“The idea is that racism is the contaminant,” says Michael Coffey. He is a senior program officer at Greater Cincinnati Foundation, and the Foundation’s point person on its Racial Equity Matters presented by bi3 program.

The contaminant, he says, is everywhere. Extending the nature metaphor, he says, “It’s in our air and our water,” and we’ve become accustomed to it. “We don’t know anything else. Our parents and grandparents didn’t know anything else. We think it’s normal.” Those beliefs, and the institutions, laws, and organizations that spring from them are the groundwater, the wellspring of our biases and the contaminants that infect the environment for African Americans, Coffey says.

The great question of our time, he says, is “How do you get to the cultural shift that’s necessary to name the problem, to unpack the problem of racism, to dismantle it, and to re-imagine a society without it?”

In well-meaning efforts to improve that environment, many social service organizations focus on the sick fish, providing services, such as food and housing, for those at the lower rungs of the socio-economic ladder. While that’s necessary and well-intentioned, it’s merely “fish-fixing,” Hayes-Greene says. It doesn’t get to the real problem.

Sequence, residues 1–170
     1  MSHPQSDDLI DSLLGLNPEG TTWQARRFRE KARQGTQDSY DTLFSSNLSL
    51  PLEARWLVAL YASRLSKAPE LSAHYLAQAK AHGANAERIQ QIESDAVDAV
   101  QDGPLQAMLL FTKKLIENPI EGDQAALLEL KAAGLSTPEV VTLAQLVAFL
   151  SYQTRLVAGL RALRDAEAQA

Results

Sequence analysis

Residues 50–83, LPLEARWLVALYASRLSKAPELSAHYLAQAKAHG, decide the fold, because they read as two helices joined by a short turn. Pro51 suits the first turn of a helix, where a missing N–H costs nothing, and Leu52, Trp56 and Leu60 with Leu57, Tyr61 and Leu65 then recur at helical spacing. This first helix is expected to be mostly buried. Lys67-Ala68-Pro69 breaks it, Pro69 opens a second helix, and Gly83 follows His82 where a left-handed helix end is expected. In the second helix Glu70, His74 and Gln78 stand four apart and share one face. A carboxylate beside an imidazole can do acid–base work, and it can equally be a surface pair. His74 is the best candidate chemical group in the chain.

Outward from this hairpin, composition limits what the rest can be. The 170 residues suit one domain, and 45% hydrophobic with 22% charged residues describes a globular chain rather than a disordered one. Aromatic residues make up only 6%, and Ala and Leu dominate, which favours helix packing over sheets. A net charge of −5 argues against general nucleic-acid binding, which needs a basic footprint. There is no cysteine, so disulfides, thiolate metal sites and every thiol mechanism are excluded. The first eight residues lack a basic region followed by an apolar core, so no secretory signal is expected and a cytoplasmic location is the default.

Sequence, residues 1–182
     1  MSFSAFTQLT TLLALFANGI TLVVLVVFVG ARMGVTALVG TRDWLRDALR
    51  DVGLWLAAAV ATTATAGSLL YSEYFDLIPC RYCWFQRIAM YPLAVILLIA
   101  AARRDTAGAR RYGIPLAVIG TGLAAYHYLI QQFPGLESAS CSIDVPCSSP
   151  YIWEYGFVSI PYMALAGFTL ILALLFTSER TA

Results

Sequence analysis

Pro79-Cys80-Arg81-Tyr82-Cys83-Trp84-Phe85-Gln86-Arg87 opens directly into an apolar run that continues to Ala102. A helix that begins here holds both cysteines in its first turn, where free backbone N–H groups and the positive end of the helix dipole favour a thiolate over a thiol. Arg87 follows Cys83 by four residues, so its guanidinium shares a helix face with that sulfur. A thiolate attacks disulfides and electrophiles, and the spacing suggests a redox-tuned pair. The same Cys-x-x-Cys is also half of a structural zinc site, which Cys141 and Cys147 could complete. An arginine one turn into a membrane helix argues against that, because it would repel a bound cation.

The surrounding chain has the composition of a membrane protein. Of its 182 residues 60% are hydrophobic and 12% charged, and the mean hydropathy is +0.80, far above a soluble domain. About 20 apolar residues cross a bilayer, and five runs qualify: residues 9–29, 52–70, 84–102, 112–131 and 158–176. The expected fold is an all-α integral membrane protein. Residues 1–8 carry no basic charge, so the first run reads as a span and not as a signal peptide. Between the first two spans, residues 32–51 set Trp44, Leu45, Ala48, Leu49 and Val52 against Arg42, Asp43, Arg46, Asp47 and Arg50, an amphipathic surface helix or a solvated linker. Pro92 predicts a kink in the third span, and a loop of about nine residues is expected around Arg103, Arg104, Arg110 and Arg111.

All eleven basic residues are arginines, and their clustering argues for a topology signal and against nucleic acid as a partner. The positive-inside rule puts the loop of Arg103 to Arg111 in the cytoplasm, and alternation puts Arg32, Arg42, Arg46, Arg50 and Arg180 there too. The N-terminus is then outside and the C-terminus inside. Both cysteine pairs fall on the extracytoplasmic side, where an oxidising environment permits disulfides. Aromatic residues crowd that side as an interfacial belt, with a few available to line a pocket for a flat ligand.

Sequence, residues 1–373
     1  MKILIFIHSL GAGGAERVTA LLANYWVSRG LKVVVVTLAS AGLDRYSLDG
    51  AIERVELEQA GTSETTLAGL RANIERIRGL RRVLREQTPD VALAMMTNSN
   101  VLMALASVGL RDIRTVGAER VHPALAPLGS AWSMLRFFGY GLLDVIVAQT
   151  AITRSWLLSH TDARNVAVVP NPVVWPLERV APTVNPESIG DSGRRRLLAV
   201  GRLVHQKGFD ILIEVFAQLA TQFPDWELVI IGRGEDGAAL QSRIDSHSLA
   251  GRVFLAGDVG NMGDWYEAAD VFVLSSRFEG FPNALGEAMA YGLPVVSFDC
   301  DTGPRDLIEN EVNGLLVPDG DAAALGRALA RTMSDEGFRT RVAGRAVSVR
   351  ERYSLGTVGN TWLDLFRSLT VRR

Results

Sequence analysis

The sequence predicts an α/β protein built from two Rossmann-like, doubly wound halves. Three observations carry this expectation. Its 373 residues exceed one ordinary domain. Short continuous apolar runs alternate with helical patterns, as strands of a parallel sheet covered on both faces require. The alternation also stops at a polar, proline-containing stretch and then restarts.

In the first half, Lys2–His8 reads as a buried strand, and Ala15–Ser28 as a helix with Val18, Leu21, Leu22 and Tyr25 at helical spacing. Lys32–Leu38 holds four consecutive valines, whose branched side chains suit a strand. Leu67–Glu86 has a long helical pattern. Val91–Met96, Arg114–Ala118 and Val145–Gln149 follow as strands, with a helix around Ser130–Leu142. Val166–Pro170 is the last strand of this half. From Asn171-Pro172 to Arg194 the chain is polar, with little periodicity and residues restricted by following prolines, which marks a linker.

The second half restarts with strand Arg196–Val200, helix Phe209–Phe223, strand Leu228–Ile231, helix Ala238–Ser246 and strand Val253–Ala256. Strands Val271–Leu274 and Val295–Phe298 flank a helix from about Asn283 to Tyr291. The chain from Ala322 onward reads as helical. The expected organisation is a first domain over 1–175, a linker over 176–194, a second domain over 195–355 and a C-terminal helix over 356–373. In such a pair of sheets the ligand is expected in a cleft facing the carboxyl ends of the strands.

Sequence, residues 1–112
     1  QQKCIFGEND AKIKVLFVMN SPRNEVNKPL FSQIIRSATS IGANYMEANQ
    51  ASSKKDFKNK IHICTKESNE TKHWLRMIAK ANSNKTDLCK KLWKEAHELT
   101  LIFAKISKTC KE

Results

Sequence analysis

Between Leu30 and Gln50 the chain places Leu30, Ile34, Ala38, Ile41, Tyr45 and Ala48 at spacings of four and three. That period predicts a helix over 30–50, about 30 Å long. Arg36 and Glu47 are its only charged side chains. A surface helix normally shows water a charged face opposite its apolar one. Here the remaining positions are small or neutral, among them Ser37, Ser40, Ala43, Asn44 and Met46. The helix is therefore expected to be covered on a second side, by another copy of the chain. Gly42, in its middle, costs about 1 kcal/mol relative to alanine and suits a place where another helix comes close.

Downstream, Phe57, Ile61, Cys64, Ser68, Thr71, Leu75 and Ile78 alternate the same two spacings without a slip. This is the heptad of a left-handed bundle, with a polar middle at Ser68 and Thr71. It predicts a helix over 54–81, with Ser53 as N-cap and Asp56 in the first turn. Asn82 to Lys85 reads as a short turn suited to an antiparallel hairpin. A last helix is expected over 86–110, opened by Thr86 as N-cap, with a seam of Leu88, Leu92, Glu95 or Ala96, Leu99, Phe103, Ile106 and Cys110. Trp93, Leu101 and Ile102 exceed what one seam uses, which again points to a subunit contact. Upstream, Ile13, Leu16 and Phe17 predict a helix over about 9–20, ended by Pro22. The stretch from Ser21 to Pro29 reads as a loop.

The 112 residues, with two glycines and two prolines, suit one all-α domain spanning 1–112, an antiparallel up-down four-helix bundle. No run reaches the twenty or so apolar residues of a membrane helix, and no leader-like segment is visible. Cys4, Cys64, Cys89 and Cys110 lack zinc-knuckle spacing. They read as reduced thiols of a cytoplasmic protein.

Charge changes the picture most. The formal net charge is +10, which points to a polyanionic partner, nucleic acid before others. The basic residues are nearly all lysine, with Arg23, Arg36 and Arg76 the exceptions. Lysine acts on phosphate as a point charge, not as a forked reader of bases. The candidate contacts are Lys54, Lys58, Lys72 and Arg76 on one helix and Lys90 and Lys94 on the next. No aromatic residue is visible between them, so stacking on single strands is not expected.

“Charity is an ineffective response to racism and injustice,” she says.

Coffey agrees. “Doing that isn’t a solution,” he says. “You’re always going to have to keep doing that. How do you move upstream to system change?”

Groundwater workshops are led by the Racial Equity Institute of Greensboro, N.C.The Groundwater program is one way to examine the systems and develop an analysis and a language to allow communities to speak about the problem in a cohesive way.

Before 2020, Groundwater was a half-day, in-person session led by Hayes-Greene and other trainers from the Racial Equity Institute.